NAIROBI, Kenya — Thousands of people waved machetes, looted shops and
burned down homes Saturday, angry about the slow return of results from
the closest presidential election in Kenya’s history.
Both candidates insisted they were winning the election, which marks the first time an incumbent has faced a credible challenge in Kenya’s four decades of independence from Britain. The unrest, which police said killed several people across the country, tarnished a vote that foreign and domestic observers had praised as calm and orderly.
Two days after the polls closed, the Electoral Commission of Kenya (ECK) said millionaire opposition candidate Raila Odinga was leading with 3.7 million votes to President Mwai Kibaki’s 3.4 million, with 159 of 210 constituencies counted.
Both sides said they were sure to win, although the results were too close to call.
The trickle of results ignited tensions in the capital and opposition strongholds Saturday.
In the Kibera slum, Odinga’s main constituency, young men with fingers still stained with voting ink were shouting “No Raila, no Kenya!” — an ominous call to declare him the winner. Hundreds of people swarmed out of the slum, heading for town, but police used tear gas to chase them back.
Smoke was billowing out of Kibera as homes, trees and stalls caught fire.
Standing in front of his burned-out home in Kibera, 22-year-old Hamisi Noor said a crowd threatened him with machetes before torching his house and slashing his father across the face.
Noor, a member of Kibaki’s Kikuyu tribe, said his assailants belonged to Odinga’s Luo tribe.
“I don’t know who they were,” said Noor, his trousers covered in blood and mud. “But they were Luos.”
Police blocked off streets as young men climbed billboards to rip down Odinga posters in the capital of Nairobi, about six miles outside the deserted city center.
“Kibaki, come back!” the men shouted as they waved machetes and sticks. Elsewhere in the city, police fatally shot two people, according to a police official who asked for anonymity because he was not allowed to talk to the press.
Violence was a major concern in the run-up to the election, and several diplomats said they feared a narrow victory on either side could lead to rioting by those who do not accept or trust the results. Voting was generally orderly, and no major disruptions were reported. But as the results trickled in slowly, suspicions began to flare about the prospect of rigging.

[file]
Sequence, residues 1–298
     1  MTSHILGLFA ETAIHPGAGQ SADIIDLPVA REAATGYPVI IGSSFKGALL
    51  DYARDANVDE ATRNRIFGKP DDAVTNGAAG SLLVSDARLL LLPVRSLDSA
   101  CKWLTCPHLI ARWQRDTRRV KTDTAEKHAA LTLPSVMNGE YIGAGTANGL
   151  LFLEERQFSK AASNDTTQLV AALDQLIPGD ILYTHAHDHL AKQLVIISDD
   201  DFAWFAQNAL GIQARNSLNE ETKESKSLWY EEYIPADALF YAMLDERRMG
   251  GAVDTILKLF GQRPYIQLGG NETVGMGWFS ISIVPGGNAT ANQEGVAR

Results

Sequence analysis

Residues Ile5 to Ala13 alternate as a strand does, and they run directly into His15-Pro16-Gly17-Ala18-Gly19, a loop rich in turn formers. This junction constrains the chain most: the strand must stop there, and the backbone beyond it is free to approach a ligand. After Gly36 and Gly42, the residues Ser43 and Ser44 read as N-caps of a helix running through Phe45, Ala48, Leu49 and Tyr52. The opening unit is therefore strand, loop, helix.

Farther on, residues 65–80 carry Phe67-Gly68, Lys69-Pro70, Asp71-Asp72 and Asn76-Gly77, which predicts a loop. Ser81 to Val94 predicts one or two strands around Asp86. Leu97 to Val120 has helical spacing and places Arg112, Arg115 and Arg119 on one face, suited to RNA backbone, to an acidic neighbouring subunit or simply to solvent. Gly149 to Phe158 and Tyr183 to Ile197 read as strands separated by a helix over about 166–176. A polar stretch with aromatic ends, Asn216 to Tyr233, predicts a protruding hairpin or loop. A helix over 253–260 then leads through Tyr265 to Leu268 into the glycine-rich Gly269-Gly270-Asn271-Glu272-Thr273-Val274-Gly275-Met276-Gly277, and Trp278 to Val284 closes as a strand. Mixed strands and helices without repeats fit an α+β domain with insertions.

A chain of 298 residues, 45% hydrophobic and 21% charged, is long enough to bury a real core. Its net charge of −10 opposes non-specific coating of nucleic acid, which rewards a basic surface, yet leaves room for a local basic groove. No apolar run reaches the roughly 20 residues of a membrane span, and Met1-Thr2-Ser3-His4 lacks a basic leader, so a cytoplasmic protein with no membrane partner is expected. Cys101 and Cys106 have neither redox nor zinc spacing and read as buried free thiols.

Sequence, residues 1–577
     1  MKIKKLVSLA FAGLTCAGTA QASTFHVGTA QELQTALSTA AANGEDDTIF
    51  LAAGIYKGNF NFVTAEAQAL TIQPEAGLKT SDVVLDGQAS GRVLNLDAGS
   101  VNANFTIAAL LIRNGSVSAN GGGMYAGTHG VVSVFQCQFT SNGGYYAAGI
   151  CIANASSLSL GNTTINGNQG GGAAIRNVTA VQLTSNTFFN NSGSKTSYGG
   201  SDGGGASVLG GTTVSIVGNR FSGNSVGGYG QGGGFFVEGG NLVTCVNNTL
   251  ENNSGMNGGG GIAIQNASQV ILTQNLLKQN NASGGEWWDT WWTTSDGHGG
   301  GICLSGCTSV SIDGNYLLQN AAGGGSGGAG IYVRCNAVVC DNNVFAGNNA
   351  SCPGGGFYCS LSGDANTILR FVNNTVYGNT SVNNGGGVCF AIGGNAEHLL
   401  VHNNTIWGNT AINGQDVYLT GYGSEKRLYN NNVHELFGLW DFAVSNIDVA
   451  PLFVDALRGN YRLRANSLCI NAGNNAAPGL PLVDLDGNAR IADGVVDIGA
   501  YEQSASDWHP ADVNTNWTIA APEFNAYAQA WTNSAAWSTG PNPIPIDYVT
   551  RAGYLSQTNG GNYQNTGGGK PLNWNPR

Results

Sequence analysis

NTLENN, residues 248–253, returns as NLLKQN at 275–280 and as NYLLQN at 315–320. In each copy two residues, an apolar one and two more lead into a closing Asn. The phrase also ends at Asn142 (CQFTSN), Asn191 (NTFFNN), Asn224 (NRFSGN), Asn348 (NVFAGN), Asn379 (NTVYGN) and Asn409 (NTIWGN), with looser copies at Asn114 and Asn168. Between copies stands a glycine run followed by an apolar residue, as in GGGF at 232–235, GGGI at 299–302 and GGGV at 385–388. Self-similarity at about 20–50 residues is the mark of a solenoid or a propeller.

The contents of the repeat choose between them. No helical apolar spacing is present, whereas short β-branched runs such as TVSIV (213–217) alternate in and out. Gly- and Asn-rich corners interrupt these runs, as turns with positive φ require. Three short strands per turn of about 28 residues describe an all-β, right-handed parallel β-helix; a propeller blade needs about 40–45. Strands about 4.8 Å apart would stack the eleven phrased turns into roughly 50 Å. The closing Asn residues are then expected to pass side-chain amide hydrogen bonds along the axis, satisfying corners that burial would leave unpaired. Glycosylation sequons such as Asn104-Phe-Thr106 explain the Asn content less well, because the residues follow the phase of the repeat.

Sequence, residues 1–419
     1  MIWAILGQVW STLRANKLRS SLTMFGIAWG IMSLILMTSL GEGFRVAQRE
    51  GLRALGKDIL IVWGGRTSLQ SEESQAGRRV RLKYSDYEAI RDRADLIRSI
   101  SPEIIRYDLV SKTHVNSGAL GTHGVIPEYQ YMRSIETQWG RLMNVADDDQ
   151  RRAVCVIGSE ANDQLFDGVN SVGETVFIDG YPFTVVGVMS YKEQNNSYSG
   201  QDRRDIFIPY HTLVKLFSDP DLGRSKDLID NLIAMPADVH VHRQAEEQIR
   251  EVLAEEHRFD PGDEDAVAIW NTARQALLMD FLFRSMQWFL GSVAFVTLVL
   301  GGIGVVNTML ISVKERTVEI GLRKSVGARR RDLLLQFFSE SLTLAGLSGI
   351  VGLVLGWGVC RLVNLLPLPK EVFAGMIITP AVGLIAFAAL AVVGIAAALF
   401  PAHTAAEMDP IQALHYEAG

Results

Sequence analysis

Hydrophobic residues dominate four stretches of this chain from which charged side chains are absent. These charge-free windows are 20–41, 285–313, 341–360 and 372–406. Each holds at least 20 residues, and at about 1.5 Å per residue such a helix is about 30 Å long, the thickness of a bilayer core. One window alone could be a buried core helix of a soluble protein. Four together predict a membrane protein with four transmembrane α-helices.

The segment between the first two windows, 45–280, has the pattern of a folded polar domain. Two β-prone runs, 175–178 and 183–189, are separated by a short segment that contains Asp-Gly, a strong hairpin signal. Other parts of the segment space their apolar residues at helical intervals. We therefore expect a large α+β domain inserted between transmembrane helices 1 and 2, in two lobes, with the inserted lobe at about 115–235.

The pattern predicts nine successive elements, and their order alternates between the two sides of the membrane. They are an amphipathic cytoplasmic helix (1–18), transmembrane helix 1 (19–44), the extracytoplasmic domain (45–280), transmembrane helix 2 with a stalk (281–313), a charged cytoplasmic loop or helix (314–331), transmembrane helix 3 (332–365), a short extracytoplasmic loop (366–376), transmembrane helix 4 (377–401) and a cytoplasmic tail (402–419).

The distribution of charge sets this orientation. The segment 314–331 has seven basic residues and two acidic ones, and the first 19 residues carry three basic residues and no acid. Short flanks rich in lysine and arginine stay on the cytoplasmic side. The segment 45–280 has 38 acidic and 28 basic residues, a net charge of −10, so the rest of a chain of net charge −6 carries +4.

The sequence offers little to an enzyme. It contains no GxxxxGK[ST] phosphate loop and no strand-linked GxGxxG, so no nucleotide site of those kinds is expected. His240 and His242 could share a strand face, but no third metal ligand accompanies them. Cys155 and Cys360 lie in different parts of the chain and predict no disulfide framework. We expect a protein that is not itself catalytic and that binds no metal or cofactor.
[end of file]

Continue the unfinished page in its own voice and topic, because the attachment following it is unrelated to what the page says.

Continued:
Odinga’s Orange Democratic Movement party said the government was deliberately delaying results because they were losing. Police and electoral officials appealed for calm, saying they were doing their best.
“We may get [results] tomorrow, the day after tomorrow. It depends on when they come,” ECK Chairman Samuel Kivuitu said at a rowdy news conference, in which journalists and others condemned the slow pace.
About 20 miles outside Nairobi, hundreds of people massed along a main highway.
“They are looting houses and stoning cars,” Irungu Wakogi, a witness, told The Associated Press by telephone.
In Kisumu, some 185 miles from Nairobi, shops were being looted and the streets were clogged with protesters. A police officer who asked for anonymity said two banks and a supermarket were broken into.
“People are demonstrating because of the delayed announcement,” said Grace Kaindi, a police official in the city.
Kibaki, 76, has been credited with helping boost this East African nation’s economy, with a growth rate that is among the highest in Africa and a booming tourism industry.
But his anti-graft campaign has largely been seen as a failure, and the country still struggles with tribalism and poverty.
Odinga, a 62-year-old former political prisoner, promised change and help for the poor. His main constituency is Kibera, home to at least 700,000 people who live in extreme poverty.
If Kibaki loses, he will be Kenya’s first sitting president ousted at the ballot box.
Kibaki won by a landslide in 2002, ending 24 years in power by Daniel arap Moi, who was constitutionally barred from extending his term. Moi’s blanket use of patronage resulted in crippling mismanagement and a culture of corruption that plunged Kenya into economic crisis.
Alexander Graf Lambsdorff, chief European Union election monitor for the Dec. 27 election, had been set to release a report on the vote Saturday, but decided to hold off due to the violence.
“Everyone should remember, and that includes all political parties, candidates and their supporters that violence has no place in a democratic election,” he said.
Meanwhile, the two candidates each said they were winning.
“We are confident that [Odinga] has won the election,” said his campaign manager, Mohamed Isahakia.
Kibaki’s Party of National Unity (PNU) begged to differ.
“We in PNU have added all our figures and we are pleased to announce that Honorable Mwai Kibaki is winning this year’s election,” said Noah Wekesa, Kenya’s minister for science and technology.
In order to win, a presidential candidate has to get the most votes as well as garner at least 25 percent of votes in five of Kenya’s eight provinces, a move aimed at ensuring a president has some support in most of the country and its many tribes.
Associated Press writers Katharine Houreld, Tom Maliti, Tom Odula and Akmal Rajput contributed to this report.